wishes, with more moderation, or with What effects may not party, rage more caution, to avoid giving offence. produce, when it can reconcile a Love I have always endeavoured to cultivate a OF LIBERTY, and a generous Concern good understanding with the Court of for the Rights of the Subject, which Common Council; I respect the characthis Court has always exprefled, and I ter with which the members of it are in. am perfuaded has always felt, with 10 velted ; and I have great personal regard SLAVISH and so TYRANNICAL A PRIN. for many, to whom I have the honour CIPLE, as that which attempts to lub to be known. I have always laboured due a liberal mind? which endeavours to facilitate their bufiness, and to make to drive a man, by the exertion of au. myself useful to them. I was heartily thority, into an aflive lubmillion to concerned, that I could not concur with measures against his JUDGMENT and the Court: but it always has been, and his CONSCIENCE, and would fain oblige it ALWAYS SHALL BE, my first object, him to INSULT HIS PRINCE, and to to do what I THINK MY DUTY. I can. violate the LAWS OF HIS COUNTRY? tented myself, however, with declaring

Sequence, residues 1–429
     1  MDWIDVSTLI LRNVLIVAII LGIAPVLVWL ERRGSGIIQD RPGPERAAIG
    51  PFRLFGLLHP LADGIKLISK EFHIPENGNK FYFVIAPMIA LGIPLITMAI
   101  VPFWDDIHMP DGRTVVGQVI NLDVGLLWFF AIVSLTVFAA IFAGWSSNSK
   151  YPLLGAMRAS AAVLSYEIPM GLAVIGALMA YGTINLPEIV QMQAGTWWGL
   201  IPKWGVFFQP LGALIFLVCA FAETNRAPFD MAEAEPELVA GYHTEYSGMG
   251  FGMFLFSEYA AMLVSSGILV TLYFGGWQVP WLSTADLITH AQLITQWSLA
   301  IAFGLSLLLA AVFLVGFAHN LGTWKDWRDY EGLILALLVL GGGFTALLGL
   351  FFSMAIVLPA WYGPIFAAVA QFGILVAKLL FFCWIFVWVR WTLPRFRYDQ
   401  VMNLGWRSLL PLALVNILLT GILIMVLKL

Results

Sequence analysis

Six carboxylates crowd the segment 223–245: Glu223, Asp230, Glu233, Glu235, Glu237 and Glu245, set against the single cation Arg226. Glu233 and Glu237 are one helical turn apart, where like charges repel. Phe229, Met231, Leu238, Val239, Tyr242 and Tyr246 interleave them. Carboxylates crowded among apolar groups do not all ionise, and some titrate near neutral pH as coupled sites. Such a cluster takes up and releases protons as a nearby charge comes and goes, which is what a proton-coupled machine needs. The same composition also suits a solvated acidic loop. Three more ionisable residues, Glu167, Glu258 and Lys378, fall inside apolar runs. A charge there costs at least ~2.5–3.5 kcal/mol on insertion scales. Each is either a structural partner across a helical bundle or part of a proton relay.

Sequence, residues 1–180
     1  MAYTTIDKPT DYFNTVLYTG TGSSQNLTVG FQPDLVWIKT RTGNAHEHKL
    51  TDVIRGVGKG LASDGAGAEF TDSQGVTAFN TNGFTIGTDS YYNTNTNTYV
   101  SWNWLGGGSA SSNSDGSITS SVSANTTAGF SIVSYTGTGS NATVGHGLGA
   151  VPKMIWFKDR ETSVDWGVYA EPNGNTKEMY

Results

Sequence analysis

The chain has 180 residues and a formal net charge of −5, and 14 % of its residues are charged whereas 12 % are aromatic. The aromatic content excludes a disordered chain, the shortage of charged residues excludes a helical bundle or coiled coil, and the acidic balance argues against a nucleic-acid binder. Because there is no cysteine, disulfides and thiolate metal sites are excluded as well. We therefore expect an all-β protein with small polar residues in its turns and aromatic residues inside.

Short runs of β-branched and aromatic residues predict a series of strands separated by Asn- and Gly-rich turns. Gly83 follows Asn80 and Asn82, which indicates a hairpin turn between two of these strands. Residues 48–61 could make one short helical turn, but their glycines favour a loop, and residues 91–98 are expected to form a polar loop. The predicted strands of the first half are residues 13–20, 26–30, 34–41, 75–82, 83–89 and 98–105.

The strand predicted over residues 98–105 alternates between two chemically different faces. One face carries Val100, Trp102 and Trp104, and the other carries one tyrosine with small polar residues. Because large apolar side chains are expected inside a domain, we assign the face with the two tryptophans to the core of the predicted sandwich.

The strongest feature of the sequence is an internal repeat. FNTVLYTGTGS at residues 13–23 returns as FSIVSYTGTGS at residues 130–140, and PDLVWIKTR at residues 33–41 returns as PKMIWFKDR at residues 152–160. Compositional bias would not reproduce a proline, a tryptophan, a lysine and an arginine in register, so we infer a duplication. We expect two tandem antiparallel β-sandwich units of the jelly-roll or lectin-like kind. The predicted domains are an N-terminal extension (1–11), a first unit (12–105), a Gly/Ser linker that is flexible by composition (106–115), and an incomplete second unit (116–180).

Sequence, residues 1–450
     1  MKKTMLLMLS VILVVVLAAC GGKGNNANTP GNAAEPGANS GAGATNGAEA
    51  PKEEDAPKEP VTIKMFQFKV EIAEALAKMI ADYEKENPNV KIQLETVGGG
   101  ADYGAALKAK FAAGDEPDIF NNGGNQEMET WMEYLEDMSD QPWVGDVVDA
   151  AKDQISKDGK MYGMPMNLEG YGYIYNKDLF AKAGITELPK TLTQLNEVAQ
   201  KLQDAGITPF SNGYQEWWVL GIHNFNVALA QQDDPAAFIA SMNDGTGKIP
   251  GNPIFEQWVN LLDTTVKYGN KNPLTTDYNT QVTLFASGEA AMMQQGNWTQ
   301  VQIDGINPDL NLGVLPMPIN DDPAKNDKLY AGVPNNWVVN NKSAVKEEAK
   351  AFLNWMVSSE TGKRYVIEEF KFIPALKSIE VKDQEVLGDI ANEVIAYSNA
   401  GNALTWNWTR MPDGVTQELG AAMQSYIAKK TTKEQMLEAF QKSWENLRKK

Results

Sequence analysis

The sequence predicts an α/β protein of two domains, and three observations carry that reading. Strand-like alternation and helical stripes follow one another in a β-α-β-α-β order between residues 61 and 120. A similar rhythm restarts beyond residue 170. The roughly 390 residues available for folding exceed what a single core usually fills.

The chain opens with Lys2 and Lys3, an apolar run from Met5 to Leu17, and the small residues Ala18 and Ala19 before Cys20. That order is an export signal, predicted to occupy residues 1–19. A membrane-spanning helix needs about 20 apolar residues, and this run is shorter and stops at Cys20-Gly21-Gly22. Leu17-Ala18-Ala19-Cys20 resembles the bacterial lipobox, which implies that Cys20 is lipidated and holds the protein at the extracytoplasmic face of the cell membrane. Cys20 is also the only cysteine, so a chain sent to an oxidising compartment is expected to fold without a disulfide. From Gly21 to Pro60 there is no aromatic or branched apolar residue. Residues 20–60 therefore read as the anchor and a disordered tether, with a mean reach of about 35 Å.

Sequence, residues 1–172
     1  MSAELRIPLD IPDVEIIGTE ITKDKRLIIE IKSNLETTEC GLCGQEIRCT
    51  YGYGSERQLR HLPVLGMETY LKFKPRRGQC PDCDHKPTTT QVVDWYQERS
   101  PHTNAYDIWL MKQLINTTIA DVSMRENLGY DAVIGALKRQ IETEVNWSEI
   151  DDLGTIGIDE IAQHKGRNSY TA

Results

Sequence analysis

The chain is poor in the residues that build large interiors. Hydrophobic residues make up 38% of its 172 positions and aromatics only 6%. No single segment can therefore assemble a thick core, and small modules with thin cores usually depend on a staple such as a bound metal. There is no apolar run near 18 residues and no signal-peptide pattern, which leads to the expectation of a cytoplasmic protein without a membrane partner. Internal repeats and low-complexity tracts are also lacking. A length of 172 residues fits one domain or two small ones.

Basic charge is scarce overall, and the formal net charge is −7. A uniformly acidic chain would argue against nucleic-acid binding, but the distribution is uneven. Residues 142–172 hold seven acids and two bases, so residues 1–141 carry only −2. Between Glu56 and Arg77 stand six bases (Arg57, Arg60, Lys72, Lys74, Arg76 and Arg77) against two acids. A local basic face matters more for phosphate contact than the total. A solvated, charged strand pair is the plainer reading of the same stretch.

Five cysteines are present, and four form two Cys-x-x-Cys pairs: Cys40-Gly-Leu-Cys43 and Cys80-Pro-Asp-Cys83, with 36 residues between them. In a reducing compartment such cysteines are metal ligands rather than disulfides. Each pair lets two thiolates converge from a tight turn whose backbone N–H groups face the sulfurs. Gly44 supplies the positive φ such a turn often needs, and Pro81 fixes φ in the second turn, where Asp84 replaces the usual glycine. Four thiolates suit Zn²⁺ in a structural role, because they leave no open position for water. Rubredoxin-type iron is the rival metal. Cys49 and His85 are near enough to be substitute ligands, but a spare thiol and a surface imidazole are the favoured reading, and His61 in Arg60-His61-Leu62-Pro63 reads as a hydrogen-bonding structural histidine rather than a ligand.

But I ought not, it teems, to set up to you, as was my duty, my opinion of my private opinion againit the judgment your Address; and with apprizing your and determination of the Court. When late Mayor of the necessary consequence you judge of matters within your pro of that Opinion, that I could not attend vince, and of which you are competent him to the Foot of the Throne. judges, your determination shall conclude I submitted to all the abuse which I my private opinion.-Upon questions of was loaded with upon thete accounts :prudence and discretion the decision of a I took no pains to justify my Opinion to majority ought to bind the whole inihere the World, because, in juftifying myfrif,